For the past several weeks, dozens of strangers have been traipsing through Leo and Karyn Cooper’s property. And it’s not hard to see why.
The Colwood residents have transformed their yard home on Girou Road into a Christmas lover’s paradise with close to 100 Christmas-themed inflatables, wooden decorations, 20 to 30 tinsel figures, and lights that can be seen from blocks away.
“It’s definitely hard to see how much there is unless you actually come,” said Karyn, an education assistant at Wishart Elementary school.
From Mickey and Minnie Mouse to Frozen characters, Star Wars and Sesame Street characters, to the classic Santa Claus and reindeer, there are a number of decorations for people of all ages to enjoy.
It’s a project that’s been a decade in the making for the Coopers. They installed their first inflatable Grinch, Santa Claus, snowman and a few lights on the lawn of their home to impress Leo’s parents who were visiting from Newfoundland and rarely saw outdoor decorations due to snow.
Then year after year, the couple slowly added more decorations – a dinosaurs here, a minion or two there. Now, 10 years later the tradition has not only continued, it’s exploded, with decorations spilling over onto their neighbour’s lawn across the street as well.
To say it’s a labour of love is an understatement. Leo usually starts putting up lights at the end of September and after Halloween goes into full decorating mode. Each holiday season, he spends hundreds of hours making sure every decoration is in the right place. The family’s hydro bill usually soars to about $600 for the month of December.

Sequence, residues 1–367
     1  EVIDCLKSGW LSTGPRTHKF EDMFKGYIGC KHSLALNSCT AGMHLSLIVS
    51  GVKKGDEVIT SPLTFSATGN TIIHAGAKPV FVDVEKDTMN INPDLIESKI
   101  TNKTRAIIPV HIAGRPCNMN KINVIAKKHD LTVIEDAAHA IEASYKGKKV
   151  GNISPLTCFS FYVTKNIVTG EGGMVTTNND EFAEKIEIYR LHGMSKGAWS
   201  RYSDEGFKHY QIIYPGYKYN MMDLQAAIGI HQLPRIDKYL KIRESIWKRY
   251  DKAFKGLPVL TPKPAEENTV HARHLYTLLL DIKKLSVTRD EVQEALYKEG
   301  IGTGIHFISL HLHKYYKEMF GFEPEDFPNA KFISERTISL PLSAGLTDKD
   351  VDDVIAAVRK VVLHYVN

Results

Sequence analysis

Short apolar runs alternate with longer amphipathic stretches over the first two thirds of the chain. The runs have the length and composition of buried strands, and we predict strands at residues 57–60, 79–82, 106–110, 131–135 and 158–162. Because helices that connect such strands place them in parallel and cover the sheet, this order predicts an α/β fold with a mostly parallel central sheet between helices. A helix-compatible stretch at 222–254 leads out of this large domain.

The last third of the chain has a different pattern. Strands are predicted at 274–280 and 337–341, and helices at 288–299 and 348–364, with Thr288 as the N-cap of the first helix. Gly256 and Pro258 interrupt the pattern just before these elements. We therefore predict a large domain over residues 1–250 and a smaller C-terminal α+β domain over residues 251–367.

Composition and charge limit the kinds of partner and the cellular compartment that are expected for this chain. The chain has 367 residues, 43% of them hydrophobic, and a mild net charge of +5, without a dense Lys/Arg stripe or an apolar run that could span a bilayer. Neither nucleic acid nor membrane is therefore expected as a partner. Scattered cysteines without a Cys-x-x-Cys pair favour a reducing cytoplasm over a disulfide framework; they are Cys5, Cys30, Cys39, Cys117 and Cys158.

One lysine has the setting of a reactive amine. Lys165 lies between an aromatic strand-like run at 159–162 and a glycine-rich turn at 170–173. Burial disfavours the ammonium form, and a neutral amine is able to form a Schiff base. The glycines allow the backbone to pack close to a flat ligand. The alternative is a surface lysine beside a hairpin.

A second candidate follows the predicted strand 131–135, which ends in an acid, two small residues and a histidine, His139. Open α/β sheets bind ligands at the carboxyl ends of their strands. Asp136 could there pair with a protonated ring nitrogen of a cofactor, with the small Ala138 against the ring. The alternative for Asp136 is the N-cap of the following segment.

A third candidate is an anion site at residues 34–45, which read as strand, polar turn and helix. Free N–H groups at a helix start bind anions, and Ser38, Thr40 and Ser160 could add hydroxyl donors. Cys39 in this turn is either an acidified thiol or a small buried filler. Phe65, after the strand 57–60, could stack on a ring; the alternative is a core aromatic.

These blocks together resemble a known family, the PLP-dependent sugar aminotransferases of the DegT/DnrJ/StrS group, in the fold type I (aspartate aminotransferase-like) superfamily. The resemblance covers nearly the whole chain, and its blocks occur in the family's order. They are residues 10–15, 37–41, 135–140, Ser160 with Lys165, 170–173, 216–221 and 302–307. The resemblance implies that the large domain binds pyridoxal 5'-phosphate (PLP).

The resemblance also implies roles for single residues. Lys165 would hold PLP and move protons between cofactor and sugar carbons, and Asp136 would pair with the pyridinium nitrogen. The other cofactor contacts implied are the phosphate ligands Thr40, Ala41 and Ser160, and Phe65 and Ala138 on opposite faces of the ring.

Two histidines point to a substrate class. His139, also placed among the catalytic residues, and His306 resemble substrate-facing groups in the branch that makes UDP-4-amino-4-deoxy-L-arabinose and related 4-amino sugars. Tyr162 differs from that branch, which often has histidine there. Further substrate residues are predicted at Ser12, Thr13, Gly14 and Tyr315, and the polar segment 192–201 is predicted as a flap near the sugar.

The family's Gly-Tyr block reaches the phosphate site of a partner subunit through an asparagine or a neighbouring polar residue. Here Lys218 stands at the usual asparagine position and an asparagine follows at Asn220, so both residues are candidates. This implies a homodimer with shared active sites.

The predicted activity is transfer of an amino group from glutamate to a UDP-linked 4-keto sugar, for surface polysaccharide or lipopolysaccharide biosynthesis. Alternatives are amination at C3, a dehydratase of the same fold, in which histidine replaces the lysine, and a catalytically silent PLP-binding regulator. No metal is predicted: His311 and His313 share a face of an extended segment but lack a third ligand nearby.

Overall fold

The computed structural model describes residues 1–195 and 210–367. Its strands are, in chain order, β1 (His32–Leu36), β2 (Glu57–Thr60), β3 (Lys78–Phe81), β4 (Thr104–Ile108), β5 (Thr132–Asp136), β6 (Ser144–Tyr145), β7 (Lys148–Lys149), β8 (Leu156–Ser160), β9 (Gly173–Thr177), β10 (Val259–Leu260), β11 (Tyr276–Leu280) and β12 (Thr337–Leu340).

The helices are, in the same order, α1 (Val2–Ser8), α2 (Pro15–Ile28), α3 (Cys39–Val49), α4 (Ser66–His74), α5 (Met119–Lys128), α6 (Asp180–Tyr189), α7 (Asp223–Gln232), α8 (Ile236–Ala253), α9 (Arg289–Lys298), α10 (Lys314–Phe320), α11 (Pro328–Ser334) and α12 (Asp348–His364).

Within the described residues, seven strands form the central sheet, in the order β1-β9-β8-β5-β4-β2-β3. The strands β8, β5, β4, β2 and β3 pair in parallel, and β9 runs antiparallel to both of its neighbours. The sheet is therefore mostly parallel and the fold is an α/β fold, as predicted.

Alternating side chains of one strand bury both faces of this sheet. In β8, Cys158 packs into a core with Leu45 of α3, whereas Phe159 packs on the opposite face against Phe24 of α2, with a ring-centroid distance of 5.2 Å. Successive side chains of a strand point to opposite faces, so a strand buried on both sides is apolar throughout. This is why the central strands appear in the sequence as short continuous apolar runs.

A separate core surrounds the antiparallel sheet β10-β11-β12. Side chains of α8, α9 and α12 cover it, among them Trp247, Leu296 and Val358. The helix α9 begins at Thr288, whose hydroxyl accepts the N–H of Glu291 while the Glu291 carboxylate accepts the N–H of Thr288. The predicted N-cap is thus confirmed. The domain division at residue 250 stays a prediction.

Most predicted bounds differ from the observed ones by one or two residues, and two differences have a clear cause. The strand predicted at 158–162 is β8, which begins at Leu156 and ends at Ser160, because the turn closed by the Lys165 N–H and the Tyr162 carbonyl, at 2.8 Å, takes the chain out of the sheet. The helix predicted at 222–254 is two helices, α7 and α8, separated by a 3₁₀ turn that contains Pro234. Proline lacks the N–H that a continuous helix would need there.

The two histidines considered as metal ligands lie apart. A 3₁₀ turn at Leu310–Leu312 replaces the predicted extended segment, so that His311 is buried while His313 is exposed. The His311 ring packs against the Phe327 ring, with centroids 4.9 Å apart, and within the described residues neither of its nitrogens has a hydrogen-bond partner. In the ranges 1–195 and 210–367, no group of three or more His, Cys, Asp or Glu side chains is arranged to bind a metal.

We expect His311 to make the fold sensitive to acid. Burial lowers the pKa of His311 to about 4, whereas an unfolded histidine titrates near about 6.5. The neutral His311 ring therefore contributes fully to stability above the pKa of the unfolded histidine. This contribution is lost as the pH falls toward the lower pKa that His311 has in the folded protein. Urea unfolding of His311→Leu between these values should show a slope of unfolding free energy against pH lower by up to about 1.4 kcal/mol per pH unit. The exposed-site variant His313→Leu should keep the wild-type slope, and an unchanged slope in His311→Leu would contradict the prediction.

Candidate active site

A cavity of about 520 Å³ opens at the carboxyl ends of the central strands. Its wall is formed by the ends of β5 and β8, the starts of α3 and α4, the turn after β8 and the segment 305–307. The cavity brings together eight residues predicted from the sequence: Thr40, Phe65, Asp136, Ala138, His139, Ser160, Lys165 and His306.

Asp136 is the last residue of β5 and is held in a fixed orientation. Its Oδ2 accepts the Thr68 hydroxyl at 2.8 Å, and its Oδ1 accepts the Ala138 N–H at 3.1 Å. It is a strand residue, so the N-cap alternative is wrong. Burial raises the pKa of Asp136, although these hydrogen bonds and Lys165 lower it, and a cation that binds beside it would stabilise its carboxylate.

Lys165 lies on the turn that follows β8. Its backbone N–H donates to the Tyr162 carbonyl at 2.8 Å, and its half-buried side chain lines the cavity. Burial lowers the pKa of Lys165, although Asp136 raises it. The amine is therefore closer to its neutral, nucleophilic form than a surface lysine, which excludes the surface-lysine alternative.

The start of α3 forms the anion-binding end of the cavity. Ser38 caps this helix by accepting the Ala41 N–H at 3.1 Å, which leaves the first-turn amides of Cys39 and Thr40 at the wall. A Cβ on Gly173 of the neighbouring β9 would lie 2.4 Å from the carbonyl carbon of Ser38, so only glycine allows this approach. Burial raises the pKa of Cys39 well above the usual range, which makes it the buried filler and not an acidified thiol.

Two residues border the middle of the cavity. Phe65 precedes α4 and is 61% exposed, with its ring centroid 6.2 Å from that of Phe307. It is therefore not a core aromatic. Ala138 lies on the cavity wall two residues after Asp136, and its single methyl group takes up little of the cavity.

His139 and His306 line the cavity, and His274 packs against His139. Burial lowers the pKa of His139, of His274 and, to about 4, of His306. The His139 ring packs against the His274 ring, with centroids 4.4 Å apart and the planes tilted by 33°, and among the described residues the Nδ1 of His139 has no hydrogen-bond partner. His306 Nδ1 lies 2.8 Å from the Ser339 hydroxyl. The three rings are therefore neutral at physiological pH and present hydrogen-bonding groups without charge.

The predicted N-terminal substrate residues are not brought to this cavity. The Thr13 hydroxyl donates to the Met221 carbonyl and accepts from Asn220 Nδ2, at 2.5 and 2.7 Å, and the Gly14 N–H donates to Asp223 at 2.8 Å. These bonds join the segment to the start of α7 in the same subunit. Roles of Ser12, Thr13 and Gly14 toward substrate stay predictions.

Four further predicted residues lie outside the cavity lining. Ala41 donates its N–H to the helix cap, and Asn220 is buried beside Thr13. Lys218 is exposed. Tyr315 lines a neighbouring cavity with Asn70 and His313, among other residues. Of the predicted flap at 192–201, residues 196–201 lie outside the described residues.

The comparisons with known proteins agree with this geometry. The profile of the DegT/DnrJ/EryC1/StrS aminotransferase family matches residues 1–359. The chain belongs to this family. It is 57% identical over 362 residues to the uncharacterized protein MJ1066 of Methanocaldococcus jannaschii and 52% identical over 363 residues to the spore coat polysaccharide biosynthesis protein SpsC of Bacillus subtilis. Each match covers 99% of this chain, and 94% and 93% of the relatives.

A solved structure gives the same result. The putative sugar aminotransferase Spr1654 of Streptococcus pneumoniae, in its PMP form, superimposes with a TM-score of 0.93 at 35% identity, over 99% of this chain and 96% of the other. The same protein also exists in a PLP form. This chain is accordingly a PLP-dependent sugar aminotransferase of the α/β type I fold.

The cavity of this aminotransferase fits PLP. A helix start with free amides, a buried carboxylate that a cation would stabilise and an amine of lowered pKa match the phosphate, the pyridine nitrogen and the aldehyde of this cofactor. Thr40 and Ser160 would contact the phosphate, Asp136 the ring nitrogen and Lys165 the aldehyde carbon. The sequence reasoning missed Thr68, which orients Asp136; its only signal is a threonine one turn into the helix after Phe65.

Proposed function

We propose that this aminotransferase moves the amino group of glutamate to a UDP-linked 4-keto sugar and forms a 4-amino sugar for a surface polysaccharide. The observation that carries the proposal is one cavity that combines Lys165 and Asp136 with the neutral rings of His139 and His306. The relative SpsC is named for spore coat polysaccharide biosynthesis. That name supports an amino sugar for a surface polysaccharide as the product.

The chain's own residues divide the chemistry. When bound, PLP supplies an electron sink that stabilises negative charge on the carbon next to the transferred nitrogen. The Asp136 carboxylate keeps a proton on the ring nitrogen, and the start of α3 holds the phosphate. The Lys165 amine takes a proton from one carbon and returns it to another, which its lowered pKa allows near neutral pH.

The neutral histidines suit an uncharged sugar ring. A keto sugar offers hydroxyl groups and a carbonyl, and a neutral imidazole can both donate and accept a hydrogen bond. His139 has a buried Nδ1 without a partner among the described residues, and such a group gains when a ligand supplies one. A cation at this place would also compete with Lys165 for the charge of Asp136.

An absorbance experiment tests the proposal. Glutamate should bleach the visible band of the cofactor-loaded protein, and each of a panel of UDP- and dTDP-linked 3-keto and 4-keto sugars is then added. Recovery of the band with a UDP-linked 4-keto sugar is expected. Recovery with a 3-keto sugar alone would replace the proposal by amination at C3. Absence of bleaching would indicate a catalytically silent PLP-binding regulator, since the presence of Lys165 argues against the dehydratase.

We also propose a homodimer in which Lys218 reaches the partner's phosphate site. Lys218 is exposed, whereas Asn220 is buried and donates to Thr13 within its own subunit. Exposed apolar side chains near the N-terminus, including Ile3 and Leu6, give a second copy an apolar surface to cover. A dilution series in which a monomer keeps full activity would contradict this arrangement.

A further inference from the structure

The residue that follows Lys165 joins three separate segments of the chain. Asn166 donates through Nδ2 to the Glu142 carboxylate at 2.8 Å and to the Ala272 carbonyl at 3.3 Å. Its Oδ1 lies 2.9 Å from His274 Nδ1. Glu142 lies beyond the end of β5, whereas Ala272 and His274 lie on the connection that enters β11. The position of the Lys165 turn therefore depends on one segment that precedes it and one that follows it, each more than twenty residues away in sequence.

Despite the countless hours put into the display over the months, it’s the reaction from people who drive by and stop that Leo and Karyn enjoy.
“The kids really love it and they scream and run to the characters they like. But I’m surprised by the amount of adults and even teenagers who leave with a smile on their face. They always find something out there that they can relate to,” said Leo, noting they see about 30 to 40 cars a night, but that usually jumps to about 100 a night in the week leading up to Christmas. Many families come every year as well.
“That’s the goal, to spread the cheer.”
This year, the family, whose sons go to Royal Bay Secondary, is accepting non-perishable food items for the school’s 10,000 Tonight food drive, which takes place on Wednesday, Dec. 13. Monetary donations are also accepted and will be given to the South Island Foster Parent Association.
The display will be up until the first week of January, when Leo will begin the roughly tw0-month-long process of taking down and cleaning the decorations, before they are put back into storage until next year.
The lights are on Monday to Thursday until about 10:30 p.m. and Friday to Sunday until about midnight. Residents are encouraged to walk around the path to see the decorations.